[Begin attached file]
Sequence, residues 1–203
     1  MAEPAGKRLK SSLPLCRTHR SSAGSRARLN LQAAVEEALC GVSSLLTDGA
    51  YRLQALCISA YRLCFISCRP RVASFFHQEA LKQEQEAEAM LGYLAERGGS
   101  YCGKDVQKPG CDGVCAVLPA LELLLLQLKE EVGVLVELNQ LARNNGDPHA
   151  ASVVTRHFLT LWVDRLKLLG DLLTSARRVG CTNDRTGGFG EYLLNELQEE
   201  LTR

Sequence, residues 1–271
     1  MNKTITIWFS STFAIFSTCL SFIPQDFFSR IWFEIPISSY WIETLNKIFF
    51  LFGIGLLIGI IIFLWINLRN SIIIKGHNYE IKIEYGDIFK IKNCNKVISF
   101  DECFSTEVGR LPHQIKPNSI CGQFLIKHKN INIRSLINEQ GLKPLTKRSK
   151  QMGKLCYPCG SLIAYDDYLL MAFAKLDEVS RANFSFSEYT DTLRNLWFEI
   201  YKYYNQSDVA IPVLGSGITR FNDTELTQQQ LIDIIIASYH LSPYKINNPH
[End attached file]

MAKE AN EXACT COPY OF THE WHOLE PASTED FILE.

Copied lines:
Sequence, residues 1–203
     1  MAEPAGKRLK SSLPLCRTHR SSAGSRARLN LQAAVEEALC GVSSLLTDGA
    51  YRLQALCISA YRLCFISCRP RVASFFHQEA LKQEQEAEAM LGYLAERGGS
   101  YCGKDVQKPG CDGVCAVLPA LELLLLQLKE EVGVLVELNQ LARNNGDPHA
   151  ASVVTRHFLT LWVDRLKLLG DLLTSARRVG CTNDRTGGFG EYLLNELQEE
   201  LTR

Sequence, residues 1–271
     1  MNKTITIWFS STFAIFSTCL SFIPQDFFSR IWFEIPISSY WIETLNKIFF
    51  LFGIGLLIGI IIFLWINLRN SIIIKGHNYE IKIEYGDIFK IKNCNKVISF
   101  DECFSTEVGR LPHQIKPNSI CGQFLIKHKN INIRSLINEQ GLKPLTKRSK
   151  QMGKLCYPCG SLIAYDDYLL MAFAKLDEVS RANFSFSEYT DTLRNLWFEI
   201  YKYYNQSDVA IPVLGSGITR FNDTELTQQQ LIDIIIASYH LSPYKINNPH